Science is, of course, awesome. And so is Dr. Stone! As Senkuu rebuilds the Stone World from the ground up, it’s fun to learn more about the things we taken for granted every day. But when he’s not around (say, between seasons), our brains are itching for a little more science-y goodness.
Fortunately, anime has never been low on that sort of thing. Here are just a few science-y anime to keep the little grey cells ticking over when Dr. Stone isn’t around.
If you love the problem-solving style of Dr. Stone, it might be a good time to revisit (or visit for the first time!) Fullmetal Alchemist. Whether you choose original flavor or extra-spicy Brotherhood, the show’s focus on the science of alchemy is intriguing. You may not be learning real-world science (unless there’s something you know that we don’t), but the science and history of Amestris are so fleshed-out and complete, it feels like you might as well be.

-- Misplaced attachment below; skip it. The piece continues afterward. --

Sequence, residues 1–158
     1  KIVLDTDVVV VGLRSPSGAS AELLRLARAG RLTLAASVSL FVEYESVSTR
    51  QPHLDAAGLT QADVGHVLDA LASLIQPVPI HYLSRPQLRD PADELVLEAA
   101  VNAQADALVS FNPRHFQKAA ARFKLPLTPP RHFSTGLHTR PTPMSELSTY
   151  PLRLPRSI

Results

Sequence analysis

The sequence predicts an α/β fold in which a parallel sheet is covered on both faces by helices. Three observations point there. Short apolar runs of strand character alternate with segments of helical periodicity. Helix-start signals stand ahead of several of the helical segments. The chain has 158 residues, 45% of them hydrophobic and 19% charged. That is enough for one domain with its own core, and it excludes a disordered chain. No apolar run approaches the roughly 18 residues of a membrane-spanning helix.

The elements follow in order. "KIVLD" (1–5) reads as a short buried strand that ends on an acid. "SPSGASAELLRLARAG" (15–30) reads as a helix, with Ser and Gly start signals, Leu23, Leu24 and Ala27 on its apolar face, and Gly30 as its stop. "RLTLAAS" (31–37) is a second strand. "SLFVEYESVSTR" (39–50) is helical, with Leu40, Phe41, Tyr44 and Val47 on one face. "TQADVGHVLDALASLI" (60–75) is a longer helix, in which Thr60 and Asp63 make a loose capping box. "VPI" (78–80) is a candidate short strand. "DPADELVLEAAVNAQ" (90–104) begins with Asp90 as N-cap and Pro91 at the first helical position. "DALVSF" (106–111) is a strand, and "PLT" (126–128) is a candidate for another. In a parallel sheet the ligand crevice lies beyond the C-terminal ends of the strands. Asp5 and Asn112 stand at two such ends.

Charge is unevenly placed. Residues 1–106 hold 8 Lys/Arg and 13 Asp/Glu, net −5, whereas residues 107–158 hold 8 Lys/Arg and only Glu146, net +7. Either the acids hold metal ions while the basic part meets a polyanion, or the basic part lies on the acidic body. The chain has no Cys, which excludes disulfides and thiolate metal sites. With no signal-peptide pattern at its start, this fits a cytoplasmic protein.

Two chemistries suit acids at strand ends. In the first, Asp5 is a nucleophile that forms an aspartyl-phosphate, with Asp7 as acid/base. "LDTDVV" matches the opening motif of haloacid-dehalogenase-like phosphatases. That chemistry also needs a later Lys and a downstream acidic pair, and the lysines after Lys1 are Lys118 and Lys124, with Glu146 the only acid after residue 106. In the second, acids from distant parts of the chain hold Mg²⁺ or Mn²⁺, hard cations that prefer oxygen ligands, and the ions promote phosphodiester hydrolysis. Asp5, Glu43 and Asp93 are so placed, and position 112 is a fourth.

Moyashimon: Tales of Agriculture
Dr. Stone‘s Senkuu definitely has microorganisms to worry about as he’s building up his new life — but we imagine even he wouldn’t think it’s fun to see them everywhere, larger than life. But that’s the superpower of Tadayasu Souemon Sawaki, protagonist of Moyashimon. He can see and speak to bacteria, mold, and other tiny things. It’s a good thing for his family’s sake brewery… and also for the audience, as we develop new understanding of these little friends (and how many of them are beneficial to us).
Cells at Work!
While Dr. Stone tends to stick to human-sized concerns, Cells at Work! is a fantastic voyage inside each of us. The manga and anime, both praised by educators, takes us inside the human body, personifying various cells and teaching us what they do through relatable job descriptions. Red Blood Cell dashes around with important packages, the helpful little Platelets repair injuries, and Neutrophil is on hand to kill off anything unfamiliar. Want more? There are tons of spinoffs, as well as special episodes and issues devoted to very specific health concerns.
There’s plenty of science — weird and otherwise — to keep you occupied during a Dr. Stone void. What are some of your favorites?